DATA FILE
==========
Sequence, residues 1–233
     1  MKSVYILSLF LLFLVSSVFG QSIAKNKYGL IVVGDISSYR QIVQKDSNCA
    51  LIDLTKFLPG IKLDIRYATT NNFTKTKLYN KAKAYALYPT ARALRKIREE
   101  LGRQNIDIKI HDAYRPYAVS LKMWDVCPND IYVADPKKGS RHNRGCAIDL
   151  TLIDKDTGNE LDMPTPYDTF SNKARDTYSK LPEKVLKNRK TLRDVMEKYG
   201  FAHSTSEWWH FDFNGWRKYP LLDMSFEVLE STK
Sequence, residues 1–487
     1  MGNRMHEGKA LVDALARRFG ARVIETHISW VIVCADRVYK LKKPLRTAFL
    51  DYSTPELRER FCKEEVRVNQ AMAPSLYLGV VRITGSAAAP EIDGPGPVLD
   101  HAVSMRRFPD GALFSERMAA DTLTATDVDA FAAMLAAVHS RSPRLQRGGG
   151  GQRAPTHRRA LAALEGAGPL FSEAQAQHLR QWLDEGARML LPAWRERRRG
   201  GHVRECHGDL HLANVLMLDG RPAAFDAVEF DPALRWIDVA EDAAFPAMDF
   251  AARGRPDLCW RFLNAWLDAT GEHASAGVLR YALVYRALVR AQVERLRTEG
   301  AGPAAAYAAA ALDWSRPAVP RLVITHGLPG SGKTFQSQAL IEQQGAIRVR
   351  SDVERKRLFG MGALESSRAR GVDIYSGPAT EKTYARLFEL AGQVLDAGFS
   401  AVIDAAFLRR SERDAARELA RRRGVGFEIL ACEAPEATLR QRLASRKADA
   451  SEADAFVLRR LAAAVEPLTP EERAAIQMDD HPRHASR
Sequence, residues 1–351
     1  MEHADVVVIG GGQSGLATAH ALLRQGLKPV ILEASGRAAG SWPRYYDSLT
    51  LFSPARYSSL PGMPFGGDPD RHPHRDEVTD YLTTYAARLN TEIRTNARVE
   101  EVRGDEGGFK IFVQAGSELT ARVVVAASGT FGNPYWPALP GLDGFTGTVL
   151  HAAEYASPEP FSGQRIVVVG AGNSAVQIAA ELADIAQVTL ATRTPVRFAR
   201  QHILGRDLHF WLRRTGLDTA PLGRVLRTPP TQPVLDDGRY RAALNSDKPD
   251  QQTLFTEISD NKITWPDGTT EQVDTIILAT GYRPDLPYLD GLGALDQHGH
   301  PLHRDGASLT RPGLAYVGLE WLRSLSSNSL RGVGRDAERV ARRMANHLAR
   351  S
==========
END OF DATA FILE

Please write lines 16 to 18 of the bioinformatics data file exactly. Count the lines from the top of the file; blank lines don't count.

   401  AVIDAAFLRR SERDAARELA RRRGVGFEIL ACEAPEATLR QRLASRKADA
   451  SEADAFVLRR LAAAVEPLTP EERAAIQMDD HPRHASR
Sequence, residues 1–351